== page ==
In order to display Unicode characters properly, I also had to set

(set-terminal-coding-system 'utf-8)

in my startup files.  For input, I found set-input-method, which is bound to C-x RET C-\ (which is extra fun, because C-\ is my screen escape character; well, at least it’s not a command I’ll be using over-frequently).  I found I liked the latin-1-alt-postfix input method.  Latin-1 characters are entered via magic two-key sequences such as “a’” for “á”.  It indicates candidates for replacement by underlining them and showing the possible second characters in the minibuffer.  (That’s the “alt” part.  Normal postfix doesn’t prompt.)

No real support for general Unicode, aside from switching input methods among the various charsets.  Reputedly, XEmacs 22 will have much better Unicode support.  With luck, it’ll include an RFC 1345 compliant input method.

Addendum: XEmacs still has a habit of trashing some characters when saving files.  (The characters get replaced by ASCII question marks.)  This happens to a lot of characters.  Plain old GNU Emacs gets almost everything right.  I did have to do the same thing with set-terminal-coding-system as with XEmacs, but that appears to be the only necessary config change.  About the only thing I see wrong is that it’s using strlen() (or its equivalent) to determine line lengths, so lines with UTF-8 characters get wrapped prematurely.  When selecting input methods, it seems to want to default to one named “rfc1345” (yay!), but there’s no method by that name (boo).  Perhaps it’s in another Debian package.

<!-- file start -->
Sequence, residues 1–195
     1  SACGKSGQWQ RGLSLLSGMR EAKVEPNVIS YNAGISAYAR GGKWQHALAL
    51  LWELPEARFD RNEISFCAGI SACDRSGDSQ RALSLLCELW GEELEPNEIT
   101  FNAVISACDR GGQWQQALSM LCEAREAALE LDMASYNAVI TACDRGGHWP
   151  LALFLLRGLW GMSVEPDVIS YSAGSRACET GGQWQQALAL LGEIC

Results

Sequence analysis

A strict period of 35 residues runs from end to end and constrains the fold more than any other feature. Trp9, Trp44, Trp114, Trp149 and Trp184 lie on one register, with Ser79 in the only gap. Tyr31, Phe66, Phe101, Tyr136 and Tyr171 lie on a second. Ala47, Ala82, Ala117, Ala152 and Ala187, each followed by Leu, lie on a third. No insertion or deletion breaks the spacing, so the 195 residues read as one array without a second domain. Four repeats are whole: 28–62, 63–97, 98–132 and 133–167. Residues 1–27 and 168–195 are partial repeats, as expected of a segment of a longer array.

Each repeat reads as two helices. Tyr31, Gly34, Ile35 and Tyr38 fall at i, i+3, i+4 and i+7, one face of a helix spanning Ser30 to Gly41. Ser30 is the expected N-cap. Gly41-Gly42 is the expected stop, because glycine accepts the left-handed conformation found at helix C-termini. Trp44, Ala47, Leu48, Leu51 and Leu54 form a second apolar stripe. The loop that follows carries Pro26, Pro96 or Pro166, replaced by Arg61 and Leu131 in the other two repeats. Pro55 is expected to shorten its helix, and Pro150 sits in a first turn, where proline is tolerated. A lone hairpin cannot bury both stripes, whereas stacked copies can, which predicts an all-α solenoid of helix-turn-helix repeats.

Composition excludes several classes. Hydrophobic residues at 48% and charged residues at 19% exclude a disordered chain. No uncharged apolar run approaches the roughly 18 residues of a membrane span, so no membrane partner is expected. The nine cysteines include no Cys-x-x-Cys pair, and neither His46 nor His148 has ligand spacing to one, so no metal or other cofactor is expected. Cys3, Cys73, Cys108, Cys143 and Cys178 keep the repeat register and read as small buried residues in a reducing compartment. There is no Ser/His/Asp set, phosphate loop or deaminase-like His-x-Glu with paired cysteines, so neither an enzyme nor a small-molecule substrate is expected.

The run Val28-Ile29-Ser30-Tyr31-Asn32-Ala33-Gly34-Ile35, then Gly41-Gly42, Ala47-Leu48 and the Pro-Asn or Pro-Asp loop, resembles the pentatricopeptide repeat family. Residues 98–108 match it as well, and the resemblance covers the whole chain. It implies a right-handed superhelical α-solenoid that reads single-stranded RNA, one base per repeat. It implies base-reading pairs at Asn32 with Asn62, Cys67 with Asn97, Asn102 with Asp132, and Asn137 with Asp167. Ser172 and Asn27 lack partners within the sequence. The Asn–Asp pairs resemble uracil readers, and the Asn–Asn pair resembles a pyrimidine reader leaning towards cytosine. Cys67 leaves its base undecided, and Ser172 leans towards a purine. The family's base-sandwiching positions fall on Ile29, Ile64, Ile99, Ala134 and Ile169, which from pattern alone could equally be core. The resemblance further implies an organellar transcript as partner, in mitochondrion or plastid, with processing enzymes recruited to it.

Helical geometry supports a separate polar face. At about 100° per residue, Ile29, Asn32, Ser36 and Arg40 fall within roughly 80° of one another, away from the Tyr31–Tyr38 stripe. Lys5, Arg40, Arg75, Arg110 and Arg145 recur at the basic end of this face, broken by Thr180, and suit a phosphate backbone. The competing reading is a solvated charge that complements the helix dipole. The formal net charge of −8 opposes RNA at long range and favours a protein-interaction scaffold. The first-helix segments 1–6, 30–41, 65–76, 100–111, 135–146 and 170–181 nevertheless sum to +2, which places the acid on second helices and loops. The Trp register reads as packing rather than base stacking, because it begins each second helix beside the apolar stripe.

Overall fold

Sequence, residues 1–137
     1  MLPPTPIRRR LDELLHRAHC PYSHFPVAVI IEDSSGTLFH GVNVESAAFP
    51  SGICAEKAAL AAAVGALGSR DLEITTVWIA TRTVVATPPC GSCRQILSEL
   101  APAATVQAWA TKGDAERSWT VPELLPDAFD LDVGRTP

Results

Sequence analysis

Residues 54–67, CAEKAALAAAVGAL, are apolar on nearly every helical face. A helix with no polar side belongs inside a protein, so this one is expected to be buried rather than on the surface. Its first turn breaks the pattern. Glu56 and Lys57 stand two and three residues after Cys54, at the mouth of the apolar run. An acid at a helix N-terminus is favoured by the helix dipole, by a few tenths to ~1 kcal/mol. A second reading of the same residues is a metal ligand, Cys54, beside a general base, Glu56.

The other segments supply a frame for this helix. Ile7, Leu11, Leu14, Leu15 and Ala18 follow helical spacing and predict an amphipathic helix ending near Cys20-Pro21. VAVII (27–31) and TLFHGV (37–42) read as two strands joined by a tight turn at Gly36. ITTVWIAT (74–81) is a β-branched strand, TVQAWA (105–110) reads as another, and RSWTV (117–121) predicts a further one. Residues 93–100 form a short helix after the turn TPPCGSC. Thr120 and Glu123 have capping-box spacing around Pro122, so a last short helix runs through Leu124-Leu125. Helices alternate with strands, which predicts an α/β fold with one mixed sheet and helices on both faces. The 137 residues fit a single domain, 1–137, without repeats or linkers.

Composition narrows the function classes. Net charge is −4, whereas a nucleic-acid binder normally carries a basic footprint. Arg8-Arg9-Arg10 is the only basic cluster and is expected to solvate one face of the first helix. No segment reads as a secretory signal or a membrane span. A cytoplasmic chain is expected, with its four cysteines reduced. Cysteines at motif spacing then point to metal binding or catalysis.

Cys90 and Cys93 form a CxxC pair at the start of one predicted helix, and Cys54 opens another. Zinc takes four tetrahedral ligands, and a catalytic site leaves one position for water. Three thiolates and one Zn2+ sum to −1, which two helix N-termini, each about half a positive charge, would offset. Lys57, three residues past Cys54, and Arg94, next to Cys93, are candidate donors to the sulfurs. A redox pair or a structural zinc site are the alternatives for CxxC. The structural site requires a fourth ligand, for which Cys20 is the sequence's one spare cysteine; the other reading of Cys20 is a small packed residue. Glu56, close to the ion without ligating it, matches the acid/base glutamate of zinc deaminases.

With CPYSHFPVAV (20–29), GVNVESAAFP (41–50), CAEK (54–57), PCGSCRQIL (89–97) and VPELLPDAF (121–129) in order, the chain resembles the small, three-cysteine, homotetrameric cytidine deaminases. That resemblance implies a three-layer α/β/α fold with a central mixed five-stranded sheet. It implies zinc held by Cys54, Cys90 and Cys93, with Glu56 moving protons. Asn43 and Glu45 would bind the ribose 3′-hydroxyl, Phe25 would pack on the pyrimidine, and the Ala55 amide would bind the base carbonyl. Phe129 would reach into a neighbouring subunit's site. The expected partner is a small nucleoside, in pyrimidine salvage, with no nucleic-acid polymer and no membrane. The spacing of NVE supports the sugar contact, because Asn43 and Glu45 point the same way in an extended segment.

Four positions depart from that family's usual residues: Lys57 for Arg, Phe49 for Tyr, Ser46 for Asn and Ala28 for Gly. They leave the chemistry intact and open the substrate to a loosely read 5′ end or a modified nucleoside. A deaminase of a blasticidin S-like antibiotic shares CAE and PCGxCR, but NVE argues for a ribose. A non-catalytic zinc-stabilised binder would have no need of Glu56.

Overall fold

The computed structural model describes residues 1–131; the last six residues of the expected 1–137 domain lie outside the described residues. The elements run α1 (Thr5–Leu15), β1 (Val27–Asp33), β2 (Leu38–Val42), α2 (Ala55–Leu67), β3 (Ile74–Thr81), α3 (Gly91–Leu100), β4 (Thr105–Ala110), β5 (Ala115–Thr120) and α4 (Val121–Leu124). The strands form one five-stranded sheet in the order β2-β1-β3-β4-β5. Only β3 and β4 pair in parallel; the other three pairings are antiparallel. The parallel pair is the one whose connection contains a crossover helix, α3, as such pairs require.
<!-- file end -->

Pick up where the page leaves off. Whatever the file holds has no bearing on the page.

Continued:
Next geek project: See how well my carefully-customized XEmacs environment transfers to GNU Emacs.